This group of factors came second overall to driver error, on 14%. The most common single factor was “careless, reckless or in a hurry” accounting for 10% alone (10,802 occurrences), by a long way the greatest single component of all for all road users. Second most common was “aggressive driving” (2785 occurrences), recorded 23 times for pedal cycles, 14 times for large goods vehicle, 139 times for vans and just once for buses and coaches.

Injudicious Action

This group was third overall at 12%. Exceeding the speed limit was, as usual, a factor in 4% of all accidents with “travelling too fast for the conditions” (ie not exceeding the speed limit) just behind on 3% overall. Third came “following too closely” at 1%.

As usual, motorcyclists in accidents were most likely to have been exceeding the speed limit at 6% compared with 1% of goods vehicle drivers and fewer than 1% of bus and coach drivers. Interestingly, the actual number of pedal cycles exceeding the speed limit involved in accidents was 21 compared with 22 for large goods vehicles and 7 for buses or coaches. Equally, the number of goods vehicles traveling too fast for the conditions was 46 (2%) against 163 for cyclists and 489 for motorcyclists (5%). For bus and coach drivers the figure was less than 1%, equivalent to 7 cases.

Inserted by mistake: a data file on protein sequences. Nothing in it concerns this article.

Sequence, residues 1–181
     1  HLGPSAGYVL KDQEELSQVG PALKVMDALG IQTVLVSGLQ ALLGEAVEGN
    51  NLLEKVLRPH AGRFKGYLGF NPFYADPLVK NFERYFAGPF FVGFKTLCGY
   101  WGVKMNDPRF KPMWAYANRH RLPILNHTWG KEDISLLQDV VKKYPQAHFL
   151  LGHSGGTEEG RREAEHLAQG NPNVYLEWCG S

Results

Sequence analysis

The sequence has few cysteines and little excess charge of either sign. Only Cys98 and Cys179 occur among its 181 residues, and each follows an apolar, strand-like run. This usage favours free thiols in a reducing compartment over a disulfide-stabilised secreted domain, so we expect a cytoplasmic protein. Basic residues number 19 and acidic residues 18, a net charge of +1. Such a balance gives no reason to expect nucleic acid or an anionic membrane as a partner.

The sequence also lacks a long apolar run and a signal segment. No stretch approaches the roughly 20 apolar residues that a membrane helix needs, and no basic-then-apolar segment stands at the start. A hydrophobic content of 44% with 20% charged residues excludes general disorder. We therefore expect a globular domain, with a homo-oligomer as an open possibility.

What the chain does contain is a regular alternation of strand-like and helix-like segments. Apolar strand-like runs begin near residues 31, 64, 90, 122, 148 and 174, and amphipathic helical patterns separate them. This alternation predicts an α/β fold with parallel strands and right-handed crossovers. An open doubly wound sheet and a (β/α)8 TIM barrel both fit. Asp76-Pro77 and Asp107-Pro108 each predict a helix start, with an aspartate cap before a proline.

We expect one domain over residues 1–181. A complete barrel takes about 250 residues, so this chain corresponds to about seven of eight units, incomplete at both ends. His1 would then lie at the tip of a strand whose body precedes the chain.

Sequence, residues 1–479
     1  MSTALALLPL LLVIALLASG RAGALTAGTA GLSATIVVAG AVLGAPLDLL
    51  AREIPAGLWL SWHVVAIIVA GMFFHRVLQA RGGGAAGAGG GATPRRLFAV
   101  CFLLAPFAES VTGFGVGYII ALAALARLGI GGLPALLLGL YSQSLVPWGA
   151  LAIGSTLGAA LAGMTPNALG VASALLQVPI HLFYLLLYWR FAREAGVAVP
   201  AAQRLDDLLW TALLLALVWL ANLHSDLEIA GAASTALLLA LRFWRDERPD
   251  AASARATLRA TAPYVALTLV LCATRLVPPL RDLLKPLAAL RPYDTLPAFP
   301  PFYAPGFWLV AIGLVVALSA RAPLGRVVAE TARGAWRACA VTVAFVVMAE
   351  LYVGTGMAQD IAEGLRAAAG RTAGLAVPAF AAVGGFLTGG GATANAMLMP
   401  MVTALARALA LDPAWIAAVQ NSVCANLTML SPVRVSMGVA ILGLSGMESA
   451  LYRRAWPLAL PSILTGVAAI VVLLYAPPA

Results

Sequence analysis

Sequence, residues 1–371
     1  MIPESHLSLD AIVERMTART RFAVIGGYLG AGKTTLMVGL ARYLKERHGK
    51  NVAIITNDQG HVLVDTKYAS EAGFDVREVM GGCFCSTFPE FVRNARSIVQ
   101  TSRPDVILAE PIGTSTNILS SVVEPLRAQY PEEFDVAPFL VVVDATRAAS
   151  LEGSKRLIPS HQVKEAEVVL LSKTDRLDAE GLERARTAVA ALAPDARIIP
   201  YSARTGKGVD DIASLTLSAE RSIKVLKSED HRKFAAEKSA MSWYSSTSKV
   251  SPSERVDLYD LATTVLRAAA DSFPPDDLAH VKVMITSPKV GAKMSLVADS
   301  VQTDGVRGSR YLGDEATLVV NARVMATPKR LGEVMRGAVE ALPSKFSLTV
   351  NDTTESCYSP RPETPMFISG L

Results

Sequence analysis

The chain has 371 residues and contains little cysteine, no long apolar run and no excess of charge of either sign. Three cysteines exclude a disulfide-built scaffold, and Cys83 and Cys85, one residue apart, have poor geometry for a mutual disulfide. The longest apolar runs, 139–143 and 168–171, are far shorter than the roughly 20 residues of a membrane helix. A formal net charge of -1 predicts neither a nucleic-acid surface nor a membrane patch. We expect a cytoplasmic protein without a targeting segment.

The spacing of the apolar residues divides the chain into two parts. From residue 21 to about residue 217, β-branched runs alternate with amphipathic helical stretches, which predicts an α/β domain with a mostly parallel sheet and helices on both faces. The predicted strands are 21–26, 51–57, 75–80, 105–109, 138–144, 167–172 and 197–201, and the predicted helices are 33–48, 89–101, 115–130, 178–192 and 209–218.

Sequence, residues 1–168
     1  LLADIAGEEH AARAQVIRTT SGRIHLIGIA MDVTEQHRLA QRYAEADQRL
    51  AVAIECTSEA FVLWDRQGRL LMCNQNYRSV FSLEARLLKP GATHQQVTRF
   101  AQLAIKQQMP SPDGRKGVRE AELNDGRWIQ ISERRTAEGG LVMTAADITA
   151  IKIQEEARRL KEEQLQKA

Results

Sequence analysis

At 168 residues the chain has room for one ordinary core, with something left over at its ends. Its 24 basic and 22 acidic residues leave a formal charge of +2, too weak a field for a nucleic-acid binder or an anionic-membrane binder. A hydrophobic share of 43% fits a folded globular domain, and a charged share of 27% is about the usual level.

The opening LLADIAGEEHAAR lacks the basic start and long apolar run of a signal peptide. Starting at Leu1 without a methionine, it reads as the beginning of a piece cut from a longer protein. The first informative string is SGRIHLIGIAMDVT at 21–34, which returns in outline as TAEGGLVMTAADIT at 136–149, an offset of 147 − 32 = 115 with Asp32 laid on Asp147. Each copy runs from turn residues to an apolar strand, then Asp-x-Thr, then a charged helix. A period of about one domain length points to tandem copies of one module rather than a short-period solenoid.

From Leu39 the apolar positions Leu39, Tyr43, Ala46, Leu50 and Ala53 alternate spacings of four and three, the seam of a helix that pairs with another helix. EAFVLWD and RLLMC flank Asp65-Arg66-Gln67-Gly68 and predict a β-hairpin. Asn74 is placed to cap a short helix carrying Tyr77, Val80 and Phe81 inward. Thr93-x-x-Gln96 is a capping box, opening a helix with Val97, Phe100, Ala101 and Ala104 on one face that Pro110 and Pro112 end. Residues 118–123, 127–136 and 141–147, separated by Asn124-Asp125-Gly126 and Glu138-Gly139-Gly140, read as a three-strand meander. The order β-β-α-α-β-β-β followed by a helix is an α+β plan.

Accidents as a result of disobedience to other road traffic laws also featured only to a relatively small extent, spread more or less equally across all types of road user in terms of percentages, though the total figure recorded against pedal cyclists for the five specific offences recorded was approximately four times greater than for lorry drivers and 12 times greater than for bus and coach drivers.